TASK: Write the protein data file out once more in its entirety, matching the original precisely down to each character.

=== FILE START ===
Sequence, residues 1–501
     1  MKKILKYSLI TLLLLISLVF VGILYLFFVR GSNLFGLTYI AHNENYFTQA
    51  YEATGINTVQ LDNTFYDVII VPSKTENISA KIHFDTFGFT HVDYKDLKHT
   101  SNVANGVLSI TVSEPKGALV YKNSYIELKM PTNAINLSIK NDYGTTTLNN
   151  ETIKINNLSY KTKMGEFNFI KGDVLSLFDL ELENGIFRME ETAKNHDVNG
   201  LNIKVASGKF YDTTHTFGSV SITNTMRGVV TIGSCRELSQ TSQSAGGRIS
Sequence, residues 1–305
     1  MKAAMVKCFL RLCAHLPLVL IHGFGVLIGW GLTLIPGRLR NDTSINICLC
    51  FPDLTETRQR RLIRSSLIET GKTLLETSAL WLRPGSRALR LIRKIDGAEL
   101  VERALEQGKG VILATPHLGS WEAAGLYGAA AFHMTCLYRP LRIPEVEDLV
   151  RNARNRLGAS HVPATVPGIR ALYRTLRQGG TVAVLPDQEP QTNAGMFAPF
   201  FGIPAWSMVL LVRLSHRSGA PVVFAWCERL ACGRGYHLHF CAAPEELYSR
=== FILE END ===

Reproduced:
Sequence, residues 1–501
     1  MKKILKYSLI TLLLLISLVF VGILYLFFVR GSNLFGLTYI AHNENYFTQA
    51  YEATGINTVQ LDNTFYDVII VPSKTENISA KIHFDTFGFT HVDYKDLKHT
   101  SNVANGVLSI TVSEPKGALV YKNSYIELKM PTNAINLSIK NDYGTTTLNN
   151  ETIKINNLSY KTKMGEFNFI KGDVLSLFDL ELENGIFRME ETAKNHDVNG
   201  LNIKVASGKF YDTTHTFGSV SITNTMRGVV TIGSCRELSQ TSQSAGGRIS
Sequence, residues 1–305
     1  MKAAMVKCFL RLCAHLPLVL IHGFGVLIGW GLTLIPGRLR NDTSINICLC
    51  FPDLTETRQR RLIRSSLIET GKTLLETSAL WLRPGSRALR LIRKIDGAEL
   101  VERALEQGKG VILATPHLGS WEAAGLYGAA AFHMTCLYRP LRIPEVEDLV
   151  RNARNRLGAS HVPATVPGIR ALYRTLRQGG TVAVLPDQEP QTNAGMFAPF
   201  FGIPAWSMVL LVRLSHRSGA PVVFAWCERL ACGRGYHLHF CAAPEELYSR